Privateer Profile:  AJ Catanzaro

Privateer Profile: AJ Catanzaro

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It’s not always about the horse you rode in on—sometimes results are based more on heart and determination than a flashy ride. Now in his third SX season, AJ Catanzaro has poured both his heart and his bank account into making his dream come true. Following a career-high fourth in Indy, Catanzaro tweeted that this was the best day of his life—a culmination of the hard work he's put into this year. We caught up with the Connecticut native earlier this week while he was still on the road from Indy. His van had broken down. No one ever said the privateer life was easy.

Racer X: Still on the road from Indy?
AJ Catanzaro: Yeah, we broke down yesterday and we stayed the night in the van. Now we’re back on it.

Well, first and foremost, fantastic ride. How’s it feel?
I don’t know if it’s hit me yet. I haven’t gotten a chance to watch it. I haven’t even looked at results online yet, so who knows if I even got fourth? It was just a cool night. I think that’s where I’ve belonged for a while. If anyone watches practice I don’t belong in twelfth, thirteenth place. I think I belong in the top five, top three. It’s just a matter of putting the pieces of the puzzle together for me.

This is you third year as a professional and you’ve basically been doing this on your own from day one. How much more gratifying is it that you’ve made it to this point on your own?
It’s actually kind of amazing how I went about it this year. In this sport I think a lot of dads are involved, and parents are involved all the way through, even when people are 20, 25 years old. And I’ve sort of been on my own. My dad’s obviously got me to where I am. I wouldn’t be where I am if it weren’t for my family. But this year I kind of took the approach of just doing it solo. I wanted to see how far I could get on my own. Didn’t really have much of an option. There was no teams, no rides, anything like that, and I just started networking myself the best I could. I approached a couple dealerships up north and I was able to get in touch with Pilgrim Powersports, and they helped me out with bikes, which was huge. So that was step one. And Pickett Weaponry stepped up as far as helping with travel costs, stuff along those lines. And it’s just amazing how much … I give my dad a lot of credit because he did it when I was an amateur, but it is a lot of work to kind of be a team owner, team manager, and also a team rider. It’s a full-time job, that’s for sure.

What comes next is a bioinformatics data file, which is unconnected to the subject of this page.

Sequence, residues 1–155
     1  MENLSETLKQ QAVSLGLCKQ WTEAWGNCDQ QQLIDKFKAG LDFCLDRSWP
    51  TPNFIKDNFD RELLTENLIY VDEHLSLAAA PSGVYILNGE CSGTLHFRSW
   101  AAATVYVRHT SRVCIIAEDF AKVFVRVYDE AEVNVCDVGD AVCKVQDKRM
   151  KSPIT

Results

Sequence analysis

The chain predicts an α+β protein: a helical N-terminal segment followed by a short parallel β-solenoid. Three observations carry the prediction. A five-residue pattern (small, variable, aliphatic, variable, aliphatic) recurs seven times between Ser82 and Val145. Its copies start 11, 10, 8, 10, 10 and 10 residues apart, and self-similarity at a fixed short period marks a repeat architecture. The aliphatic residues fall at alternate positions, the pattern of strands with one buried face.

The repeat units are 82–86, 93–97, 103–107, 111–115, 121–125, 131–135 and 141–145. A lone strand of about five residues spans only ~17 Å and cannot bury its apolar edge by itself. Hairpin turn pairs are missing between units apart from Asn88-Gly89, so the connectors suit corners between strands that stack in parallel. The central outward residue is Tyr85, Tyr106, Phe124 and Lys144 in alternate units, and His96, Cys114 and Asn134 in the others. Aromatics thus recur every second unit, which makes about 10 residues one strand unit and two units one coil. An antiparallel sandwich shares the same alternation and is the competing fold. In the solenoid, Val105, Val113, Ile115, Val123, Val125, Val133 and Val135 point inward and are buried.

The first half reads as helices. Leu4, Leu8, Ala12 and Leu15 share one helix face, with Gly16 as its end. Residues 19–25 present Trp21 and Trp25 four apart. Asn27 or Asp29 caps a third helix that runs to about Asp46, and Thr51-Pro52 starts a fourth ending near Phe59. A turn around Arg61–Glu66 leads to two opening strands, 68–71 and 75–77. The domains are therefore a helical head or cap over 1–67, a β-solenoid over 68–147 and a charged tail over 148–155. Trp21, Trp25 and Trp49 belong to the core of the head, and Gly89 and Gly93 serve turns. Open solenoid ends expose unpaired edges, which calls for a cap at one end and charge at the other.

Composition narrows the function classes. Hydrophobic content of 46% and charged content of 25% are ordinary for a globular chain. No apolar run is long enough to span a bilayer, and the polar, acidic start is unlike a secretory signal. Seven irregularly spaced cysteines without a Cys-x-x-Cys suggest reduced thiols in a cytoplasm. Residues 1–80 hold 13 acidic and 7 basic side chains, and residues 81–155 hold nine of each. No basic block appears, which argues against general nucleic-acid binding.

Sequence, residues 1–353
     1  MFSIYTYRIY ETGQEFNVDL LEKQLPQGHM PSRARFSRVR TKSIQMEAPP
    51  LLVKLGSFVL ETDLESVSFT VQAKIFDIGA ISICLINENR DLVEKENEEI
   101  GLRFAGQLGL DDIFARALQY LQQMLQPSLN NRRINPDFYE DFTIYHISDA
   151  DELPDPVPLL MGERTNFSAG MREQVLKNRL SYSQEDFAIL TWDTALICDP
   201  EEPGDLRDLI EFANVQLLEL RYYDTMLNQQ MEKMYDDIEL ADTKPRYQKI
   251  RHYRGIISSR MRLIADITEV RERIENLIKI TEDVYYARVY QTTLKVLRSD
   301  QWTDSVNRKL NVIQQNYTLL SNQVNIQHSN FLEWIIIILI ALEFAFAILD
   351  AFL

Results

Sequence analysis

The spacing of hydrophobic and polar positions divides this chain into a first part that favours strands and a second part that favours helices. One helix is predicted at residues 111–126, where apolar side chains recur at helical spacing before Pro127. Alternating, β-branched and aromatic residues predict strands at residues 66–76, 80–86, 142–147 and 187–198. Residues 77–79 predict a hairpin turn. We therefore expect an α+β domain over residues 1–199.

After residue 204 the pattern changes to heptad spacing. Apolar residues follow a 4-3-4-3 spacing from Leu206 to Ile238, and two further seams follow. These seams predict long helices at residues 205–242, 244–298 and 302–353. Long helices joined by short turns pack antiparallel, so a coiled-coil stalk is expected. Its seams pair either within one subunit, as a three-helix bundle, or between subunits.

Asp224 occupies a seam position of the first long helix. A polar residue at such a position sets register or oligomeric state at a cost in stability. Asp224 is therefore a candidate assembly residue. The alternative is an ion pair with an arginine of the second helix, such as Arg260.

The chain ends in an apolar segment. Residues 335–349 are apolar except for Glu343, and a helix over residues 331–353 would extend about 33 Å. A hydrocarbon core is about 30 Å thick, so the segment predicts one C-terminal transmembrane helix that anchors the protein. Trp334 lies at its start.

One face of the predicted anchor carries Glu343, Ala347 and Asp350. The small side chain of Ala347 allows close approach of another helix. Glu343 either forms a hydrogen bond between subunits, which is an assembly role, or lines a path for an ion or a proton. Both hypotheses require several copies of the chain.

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Catanzaro rode to a career-high fourth in Indy.
Simon Cudby photo

After the race, you tweeted that you couldn’t stop crying. How emotional was it for you to finally achieve this goal?
It’s hard to describe. I think few people understand it. When you put that much work into it, over so many years, and it just seems like one letdown after another, and as much as I love the sport, it changes how I go into the weekend and I leave disappointed every time. It’s hard to keep motivated when that keeps happening. To come off the track and have everyone surround you … it was just overwhelming. That’s all I want now. I’m going to keep on chasing that because that was the best feeling I’ve ever had.

I read a couple weeks back that you were done after Indy because of funding. I’m guessing that’s no longer the case?